So if we don’t get more people back into the voting process, big money by definition will determine who our elected officials are. Part of the problem is that Americans, when you get the whole community in the room and they get a chance to talk about these big issues, they leave their ideology pretty quickly and go to solve the problem. That’s our character. That’s who we are. We want to take action to solve the problem. Alexander, de Tocqueville said that about us in 1838 and it’s still, in my opinion, one of the real strengths of the American character. Yes, of course, there’ll be a very radical right and a very radical left that will never leave their ideology. But in total, that’s probably 17 or 18 percent of the population.

ALEXANDER HEFFNER: But are we so infirmed now that we’re incapable of doing that?

CAROLYN LUKENSMEYER: That’s not been our experience, and one of the things that I think you’re … again you would be interested in, and I’m gonna focus again on young people who are one of the categories that are reluctant to vote. We created in the work we were doing on mental health after the terrible, terrible tragedy at Sandy Hook and President Obama called for a national discussion on mental health.

We actually created a new platform in which we combined texting and talking and social media. And in our first use of it, it was all about, what are the challenges that young people face in terms of mental health.

But it was so exciting to see young peoples’ participation. We did it last on May 7th, twenty four thousand young people across the United States in total have done this, participated.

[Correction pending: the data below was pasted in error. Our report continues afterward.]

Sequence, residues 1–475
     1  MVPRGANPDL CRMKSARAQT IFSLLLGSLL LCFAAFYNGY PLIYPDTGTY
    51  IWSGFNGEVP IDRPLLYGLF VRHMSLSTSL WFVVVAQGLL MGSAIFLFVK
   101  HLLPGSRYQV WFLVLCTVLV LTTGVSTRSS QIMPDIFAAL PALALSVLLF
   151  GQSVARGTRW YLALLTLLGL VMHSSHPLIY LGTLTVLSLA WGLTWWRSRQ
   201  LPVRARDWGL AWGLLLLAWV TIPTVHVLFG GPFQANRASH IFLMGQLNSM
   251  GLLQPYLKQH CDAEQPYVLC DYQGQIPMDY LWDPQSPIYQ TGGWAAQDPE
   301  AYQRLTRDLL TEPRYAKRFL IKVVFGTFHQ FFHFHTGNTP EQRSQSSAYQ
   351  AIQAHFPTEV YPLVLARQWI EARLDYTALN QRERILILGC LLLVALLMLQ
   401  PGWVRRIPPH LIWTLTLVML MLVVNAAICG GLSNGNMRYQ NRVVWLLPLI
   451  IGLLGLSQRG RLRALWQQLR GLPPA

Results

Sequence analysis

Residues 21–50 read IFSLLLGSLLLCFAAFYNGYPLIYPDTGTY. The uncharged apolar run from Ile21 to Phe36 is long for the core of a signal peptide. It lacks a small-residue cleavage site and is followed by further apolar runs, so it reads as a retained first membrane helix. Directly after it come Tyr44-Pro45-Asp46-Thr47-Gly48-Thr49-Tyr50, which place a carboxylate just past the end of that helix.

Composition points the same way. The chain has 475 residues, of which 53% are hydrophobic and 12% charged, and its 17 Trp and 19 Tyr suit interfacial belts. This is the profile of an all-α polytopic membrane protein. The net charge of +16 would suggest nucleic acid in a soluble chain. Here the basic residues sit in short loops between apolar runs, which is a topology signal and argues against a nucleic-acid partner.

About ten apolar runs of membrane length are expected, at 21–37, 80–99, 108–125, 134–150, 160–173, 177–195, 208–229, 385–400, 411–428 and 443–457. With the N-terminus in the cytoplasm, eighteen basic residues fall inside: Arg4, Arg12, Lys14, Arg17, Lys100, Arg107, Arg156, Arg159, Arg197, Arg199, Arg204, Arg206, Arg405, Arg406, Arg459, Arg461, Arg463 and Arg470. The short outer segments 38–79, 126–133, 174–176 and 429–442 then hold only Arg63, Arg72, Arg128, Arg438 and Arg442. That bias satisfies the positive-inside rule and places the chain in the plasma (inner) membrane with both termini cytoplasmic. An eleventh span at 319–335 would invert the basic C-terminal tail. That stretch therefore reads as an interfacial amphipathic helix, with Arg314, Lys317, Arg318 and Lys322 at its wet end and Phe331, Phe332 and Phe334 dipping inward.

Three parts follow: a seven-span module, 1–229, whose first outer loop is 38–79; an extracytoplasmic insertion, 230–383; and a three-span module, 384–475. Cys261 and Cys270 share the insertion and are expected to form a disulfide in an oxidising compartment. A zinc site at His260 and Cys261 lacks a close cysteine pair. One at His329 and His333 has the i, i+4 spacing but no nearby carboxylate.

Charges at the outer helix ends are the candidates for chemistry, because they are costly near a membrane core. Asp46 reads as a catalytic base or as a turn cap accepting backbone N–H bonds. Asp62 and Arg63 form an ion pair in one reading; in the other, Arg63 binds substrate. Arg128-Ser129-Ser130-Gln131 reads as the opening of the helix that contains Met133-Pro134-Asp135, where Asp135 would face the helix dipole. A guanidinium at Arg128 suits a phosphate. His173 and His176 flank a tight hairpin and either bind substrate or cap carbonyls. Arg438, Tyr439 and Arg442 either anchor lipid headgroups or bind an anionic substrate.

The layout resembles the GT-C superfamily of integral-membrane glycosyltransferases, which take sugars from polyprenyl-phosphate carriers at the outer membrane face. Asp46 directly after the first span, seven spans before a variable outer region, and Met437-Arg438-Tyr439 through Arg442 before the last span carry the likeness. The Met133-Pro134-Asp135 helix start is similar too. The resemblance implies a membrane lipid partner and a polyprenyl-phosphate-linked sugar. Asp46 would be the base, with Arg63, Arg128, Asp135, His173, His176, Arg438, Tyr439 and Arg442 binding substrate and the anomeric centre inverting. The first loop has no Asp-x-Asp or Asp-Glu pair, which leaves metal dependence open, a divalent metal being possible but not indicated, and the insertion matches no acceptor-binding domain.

We have 9.3 million impressions on social media. So we—it doesn’t—shouldn’t surprise any of us that if you use the technology and go where young people are hanging out, despite their disavowal of politics, despite their seeming unwillingness to participate, when you bring it to them in a medium in which they care about, they will participate and they will participate in large numbers.

So we plan in 2016 to actually use the same platform and call it Text, Talk, Vote, where young people can go and get information about candidates, have real discussions about the issues, and hopefully be motivated to vote.

ALEXANDER HEFFNER: If they don’t vote then that mindset, which can be differentiated from very rigid attachment to ideology won’t prevail.

CAROLYN LUKENSMEYER: Well you know, when people look at the definitions of politics that have operated for centuries, it really is all about compromise. It really is, where can—you and I may be very different in our views about physical policy, about social policy.